In yesterday's post, I mentioned that folks are giving monthly doses of insecticide to their dogs to prevent heartworm, but that an every-other month dose in warm weather will do just as well, and that your dog does not need to be dosed at all during cool weather (night time temperatures of under 57 degrees).
I have, of course, written about all this before and I encourage folks to go read that now.
None of this is new, of course. In fact, it was spelled out in a 1998 article by David H. Knight, DVM and James B. Lok, PhD. published in Clinical Techniques in Small Animal Practice and entitled Seasonality of Heartworm Infection and Implications for Chemoprophylaxis. As Knight and Lok note in that paper:
The practice of some veterinanans to continuously prescribe monthly chemoprophylaxis exaggerates the actual risk of heartworm transmission in most parts of the country and unnecessarily increases the cost of protection to their clients.
The authors go on to say, in a nice under-stated way, that heartworm hysteria pays a nice dividend for vets.
There is also a tremendous financial incentive to veterinarians to promote heartworm chemoprophylaxis because they control distribution of these excellent products in a market that is already large but not yet saturated. Unfortunately, preoccupation with worse case scenarios imparted by the profession to our client's and what could be perceived as an obvious economic self interest for veterinarians to promote chemoprophylaxis has encouraged an insidious overuse of a good thing. The well-intentioned promotion of heartworm awareness and prevention may overshadow the fact that in the temperate latitudes, heartworm transmission is seasonal and chemoprophylaxis is not necessary on a continual basis.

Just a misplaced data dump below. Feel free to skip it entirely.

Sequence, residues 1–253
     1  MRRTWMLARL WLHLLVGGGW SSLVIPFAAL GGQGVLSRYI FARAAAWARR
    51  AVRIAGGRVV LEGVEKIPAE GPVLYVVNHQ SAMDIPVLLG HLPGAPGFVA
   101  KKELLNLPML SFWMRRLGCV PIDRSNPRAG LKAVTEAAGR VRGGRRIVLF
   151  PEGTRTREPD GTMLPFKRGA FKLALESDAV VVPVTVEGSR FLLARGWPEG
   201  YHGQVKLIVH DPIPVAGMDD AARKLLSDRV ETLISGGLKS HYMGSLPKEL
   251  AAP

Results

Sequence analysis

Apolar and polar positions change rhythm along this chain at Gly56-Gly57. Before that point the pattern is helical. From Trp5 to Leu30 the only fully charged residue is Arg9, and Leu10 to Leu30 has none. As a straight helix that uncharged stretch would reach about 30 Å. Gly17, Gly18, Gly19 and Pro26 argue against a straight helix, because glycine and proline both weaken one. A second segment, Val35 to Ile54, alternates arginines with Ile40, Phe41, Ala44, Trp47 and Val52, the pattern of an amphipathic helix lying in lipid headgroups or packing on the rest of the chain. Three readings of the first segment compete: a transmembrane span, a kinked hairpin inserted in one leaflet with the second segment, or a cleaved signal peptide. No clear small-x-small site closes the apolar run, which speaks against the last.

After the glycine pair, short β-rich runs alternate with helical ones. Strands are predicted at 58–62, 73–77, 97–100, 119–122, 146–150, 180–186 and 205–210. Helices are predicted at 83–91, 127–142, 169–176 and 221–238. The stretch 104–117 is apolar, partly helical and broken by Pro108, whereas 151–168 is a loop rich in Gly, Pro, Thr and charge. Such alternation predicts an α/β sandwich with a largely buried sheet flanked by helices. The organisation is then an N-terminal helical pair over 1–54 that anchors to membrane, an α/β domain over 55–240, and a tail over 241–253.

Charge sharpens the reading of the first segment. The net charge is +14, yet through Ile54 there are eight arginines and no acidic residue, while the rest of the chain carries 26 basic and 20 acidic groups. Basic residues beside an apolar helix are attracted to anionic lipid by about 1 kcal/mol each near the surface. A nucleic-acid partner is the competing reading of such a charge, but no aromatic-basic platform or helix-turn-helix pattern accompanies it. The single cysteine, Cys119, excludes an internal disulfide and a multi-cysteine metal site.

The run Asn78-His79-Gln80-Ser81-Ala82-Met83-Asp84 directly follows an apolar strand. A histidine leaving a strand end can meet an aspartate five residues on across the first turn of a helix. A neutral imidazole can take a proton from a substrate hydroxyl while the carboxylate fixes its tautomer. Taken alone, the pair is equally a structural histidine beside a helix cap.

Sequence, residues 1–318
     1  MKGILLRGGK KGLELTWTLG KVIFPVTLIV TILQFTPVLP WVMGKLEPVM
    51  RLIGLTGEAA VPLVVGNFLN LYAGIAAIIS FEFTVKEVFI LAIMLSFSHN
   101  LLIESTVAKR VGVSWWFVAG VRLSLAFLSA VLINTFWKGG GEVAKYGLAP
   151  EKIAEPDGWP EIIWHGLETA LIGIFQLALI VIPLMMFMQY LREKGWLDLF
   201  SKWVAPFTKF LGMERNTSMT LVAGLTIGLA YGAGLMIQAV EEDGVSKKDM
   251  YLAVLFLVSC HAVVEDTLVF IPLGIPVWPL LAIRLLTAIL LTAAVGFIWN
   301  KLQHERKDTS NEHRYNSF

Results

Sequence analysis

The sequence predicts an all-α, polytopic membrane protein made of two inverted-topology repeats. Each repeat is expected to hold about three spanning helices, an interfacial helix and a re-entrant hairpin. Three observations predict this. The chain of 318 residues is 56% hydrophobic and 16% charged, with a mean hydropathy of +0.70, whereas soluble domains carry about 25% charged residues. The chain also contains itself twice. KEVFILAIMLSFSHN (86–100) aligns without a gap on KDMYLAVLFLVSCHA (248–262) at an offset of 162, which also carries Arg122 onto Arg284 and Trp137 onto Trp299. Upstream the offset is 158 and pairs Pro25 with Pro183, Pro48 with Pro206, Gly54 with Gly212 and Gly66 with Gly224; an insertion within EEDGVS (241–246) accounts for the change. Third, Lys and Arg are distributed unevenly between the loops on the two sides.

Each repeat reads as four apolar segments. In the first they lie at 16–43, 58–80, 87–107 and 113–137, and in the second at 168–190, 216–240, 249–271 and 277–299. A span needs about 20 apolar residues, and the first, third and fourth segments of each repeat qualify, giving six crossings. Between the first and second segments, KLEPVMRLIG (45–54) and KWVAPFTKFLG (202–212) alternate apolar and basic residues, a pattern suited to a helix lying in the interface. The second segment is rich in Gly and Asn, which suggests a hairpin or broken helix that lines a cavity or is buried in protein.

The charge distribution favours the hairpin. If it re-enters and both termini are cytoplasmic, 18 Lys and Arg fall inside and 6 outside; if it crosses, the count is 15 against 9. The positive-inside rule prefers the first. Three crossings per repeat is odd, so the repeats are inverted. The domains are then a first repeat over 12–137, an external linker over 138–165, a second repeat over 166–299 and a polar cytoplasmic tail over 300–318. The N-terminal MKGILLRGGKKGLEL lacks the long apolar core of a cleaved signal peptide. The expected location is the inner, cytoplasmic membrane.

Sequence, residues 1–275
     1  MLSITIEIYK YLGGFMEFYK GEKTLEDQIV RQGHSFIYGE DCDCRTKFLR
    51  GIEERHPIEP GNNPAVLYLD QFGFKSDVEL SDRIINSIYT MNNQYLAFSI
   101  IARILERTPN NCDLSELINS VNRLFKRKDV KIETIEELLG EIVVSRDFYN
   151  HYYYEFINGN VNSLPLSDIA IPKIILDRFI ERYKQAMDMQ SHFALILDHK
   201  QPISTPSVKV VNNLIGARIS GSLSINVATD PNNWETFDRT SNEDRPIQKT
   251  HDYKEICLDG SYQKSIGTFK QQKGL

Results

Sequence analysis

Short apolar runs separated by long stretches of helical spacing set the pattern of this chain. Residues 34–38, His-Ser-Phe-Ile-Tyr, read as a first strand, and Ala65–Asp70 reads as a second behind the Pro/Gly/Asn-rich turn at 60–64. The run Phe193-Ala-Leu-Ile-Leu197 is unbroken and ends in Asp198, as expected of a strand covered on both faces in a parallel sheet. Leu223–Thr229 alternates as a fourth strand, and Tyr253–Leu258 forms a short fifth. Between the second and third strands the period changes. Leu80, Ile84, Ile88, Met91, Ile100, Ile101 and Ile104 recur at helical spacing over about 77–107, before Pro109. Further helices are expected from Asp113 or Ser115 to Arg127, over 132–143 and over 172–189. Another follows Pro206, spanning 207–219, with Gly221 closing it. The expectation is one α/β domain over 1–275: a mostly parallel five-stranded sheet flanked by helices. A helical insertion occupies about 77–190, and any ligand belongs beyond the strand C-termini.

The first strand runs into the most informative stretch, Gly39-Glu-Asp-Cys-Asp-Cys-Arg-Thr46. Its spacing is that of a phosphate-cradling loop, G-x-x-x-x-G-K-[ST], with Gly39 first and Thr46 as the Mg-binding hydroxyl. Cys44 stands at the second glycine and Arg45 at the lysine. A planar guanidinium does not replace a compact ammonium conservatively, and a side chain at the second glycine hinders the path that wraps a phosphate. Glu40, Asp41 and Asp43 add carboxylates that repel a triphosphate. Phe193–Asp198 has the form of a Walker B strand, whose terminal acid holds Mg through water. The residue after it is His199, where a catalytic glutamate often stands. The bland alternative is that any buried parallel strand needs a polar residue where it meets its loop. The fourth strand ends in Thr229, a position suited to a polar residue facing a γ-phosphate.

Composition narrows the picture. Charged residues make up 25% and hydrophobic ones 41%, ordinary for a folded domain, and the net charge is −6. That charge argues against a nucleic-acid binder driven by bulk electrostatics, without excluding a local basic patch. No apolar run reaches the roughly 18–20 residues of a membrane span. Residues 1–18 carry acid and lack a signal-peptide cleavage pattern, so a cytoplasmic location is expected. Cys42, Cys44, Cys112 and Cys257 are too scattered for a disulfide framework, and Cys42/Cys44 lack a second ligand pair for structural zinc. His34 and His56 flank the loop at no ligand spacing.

Knight and Lok note that vets hide the truth from their clients because it is in their financial interests to do so.
[W]hat harm is there in liberally dispensing these drugs? The issue that needs to be considered is whether medical justification should prevail over entrepreneurial interests in dispensing drugs intended to prevent rather than cure disease? Because veterinarians are permitted to sell the drugs they prescribe, use may not always be based strictly on medical justification...
... [G]iven what is presently known, continued adherence to a policy of superfluous chemoprophylaxis is disquieting because financial expediency for the veterinarian conflicts with clinical objectvity, and client consent is predicated on unrealistic expectations. Clients mistakenly believe they are purchasing additional protection for their pets, but in reality they are not. If the truth were known to them, few clients would agree to unnecessarily double their expense for heartworm prevention.
But is this the kind of information your vet will tell you?
It is not! And why not? Simple: there's no money in the truth.
And so the vets beat the drum of dependency and over-medication, abetted by the "American Heartworm Society" which is entirely funded by companies that sell heartworm drugs and testing kits. It's a bit like Penzoil writing your car manual and advising you to change your oil every month. Your car mechanic would then point to this manual to justify his services and sales -- and yes he only uses Penzoil in a car like yours! Perfect!